Flood waters crest in Medicine Hat, communities downstream prep for the worst

Low-lying neighbourhoods in Medicine Hat experienced flooding as the massive surge of water works its way through …
Some residents of Medicine Hat, Alberta are breathing a sigh of relief after reports came in that water levels on the South Saskatchewan River had crested on Sunday, however, with flood conditions projected to last for the next two days, many are no doubt wondering exactly what they'll have left when they return to those parts of the city inundated by this incredible surge of water.

Anxiety levels were high leading into Sunday, as residents watched the devastation in areas of the province upstream from them, with all that water from the Bow River, Highwood River and Oldman River dumping into the South Saskatchewan River, which runs right through the middle of the city.

[ Related: 65,000 back in Calgary, flood risk continues in southern Alberta ]

10,000 people were evacuated from the low-lying parts of the city, and authorities and volunteers spent most of Saturday putting down walls of sand bags in the hopes of keeping the flood waters at bay. As the waters crested on Sunday, two of the city's bridges over the river were closed, but the RCMP reported that they managed to keep the Trans-Canada Highway bridge open, although they were advising people to avoid it, just as a precaution.

Although the rate of water through the river was initially estimated to be around 6000 cubic metres per second (that's roughly equivalent to the water from two and a half Olympic-sized swimming pools passing by any particular point in the river every second), the actual peak flow from Sunday night turned out to be around 5,450 m³/s — a bit more manageable amount, given their preparations.

"[Environment Canada] gave us a high number, which was actually a good thing," Medicine Hat Mayor Norm Boucher told CBC News. "Sometimes when you scare us, then we can prepare at the higher level."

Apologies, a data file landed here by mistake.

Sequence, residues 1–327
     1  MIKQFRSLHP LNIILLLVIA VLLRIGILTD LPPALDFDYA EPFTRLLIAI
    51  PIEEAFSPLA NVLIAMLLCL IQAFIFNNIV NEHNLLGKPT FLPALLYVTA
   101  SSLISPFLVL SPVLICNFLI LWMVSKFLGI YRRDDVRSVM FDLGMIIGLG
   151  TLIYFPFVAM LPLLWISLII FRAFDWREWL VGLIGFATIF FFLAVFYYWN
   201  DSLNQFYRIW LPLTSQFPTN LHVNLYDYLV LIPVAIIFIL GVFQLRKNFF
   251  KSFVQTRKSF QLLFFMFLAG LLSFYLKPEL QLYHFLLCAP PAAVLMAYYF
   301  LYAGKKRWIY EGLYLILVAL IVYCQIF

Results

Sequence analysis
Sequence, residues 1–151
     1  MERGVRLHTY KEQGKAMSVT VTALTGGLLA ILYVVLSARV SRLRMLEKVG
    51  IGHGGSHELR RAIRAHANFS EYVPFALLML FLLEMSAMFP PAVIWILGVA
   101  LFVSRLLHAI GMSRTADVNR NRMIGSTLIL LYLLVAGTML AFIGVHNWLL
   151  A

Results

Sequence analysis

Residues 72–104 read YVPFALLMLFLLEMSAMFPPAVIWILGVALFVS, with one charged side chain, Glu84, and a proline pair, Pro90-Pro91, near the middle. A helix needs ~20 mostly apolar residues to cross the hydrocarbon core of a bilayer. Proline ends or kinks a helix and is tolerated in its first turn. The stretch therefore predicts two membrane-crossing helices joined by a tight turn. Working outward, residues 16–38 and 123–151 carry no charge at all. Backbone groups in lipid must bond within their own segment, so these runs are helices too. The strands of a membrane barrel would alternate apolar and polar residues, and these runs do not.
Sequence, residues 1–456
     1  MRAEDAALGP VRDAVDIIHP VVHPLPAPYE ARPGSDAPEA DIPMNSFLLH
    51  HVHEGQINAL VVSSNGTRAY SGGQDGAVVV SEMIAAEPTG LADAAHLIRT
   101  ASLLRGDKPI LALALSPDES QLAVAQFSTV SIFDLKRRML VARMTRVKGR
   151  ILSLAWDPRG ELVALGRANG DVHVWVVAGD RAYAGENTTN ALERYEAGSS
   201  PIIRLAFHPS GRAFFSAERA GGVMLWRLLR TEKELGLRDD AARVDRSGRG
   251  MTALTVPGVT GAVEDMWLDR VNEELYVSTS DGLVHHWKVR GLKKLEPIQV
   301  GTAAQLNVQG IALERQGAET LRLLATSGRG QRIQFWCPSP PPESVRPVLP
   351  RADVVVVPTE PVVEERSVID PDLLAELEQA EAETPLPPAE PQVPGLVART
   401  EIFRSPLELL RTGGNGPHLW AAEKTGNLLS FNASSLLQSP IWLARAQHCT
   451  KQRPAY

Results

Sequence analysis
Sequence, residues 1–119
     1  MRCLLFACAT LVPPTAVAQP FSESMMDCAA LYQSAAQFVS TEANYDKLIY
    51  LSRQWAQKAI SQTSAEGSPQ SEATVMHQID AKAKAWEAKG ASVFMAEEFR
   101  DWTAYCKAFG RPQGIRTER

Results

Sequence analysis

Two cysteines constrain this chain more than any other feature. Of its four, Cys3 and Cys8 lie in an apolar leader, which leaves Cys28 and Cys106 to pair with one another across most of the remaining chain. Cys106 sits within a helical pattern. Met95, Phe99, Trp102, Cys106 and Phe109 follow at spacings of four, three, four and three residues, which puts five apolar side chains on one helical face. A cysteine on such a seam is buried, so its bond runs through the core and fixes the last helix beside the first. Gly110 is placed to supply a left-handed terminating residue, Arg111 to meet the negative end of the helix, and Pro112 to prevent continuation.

Despite this, some of the low-lying areas of the city have still experienced some flooding.

"We thought we had a good job there with the sandbagging but as it turns out when the water started to come in it sort of washed itself right in," Boucher said at a news conference, according to CTV News.

As we all witnessed back in 2005, when Hurricane Katrina hit the city of New Orleans, water has an unfortunate 'habit' of turning even the tiniest weakness in a dyke, levee or wall of sand bags into a massive breach. This is due to the simple nature of water as a liquid — as it can flow into even the tiniest cracks and crevices — but it's the incredible rate that the flood waters flow at, and the immense weight of the water, that is really the force that ends up thwarting our efforts to keep it under control.

[ More Geekquinox: How weather, geography made Alberta prime target for flooding ]

Downstream from Medicine Hat, communities along the river in Saskatchewan are bracing themselves for the worst effects of the flooding. The South Saskatchewan River winds its way northeast from Medicine Hat to Saskatoon, and then merges with the North Saskatchewan River to flow through central-eastern Saskatchewan and empty out into Cedar Lake, in Manitoba. According to Global News, Saskatoon seems to be fairing well, even with the high water levels in the river, but it's communities to the east of where the two rivers merge that are under the worst risk, and Cumberland House has been evacuated ahead of the anticipated flooding.

The weather forecast is calling for showers and thundershowers through southern Alberta today, which may add to the difficulties caused by the flooding, but for the most part, it looks like the weather will be giving people in the region the opportunity to start recovery efforts.

(Photo courtesy: Nathan Denette/The Canadian Press, Wikimedia Commons)

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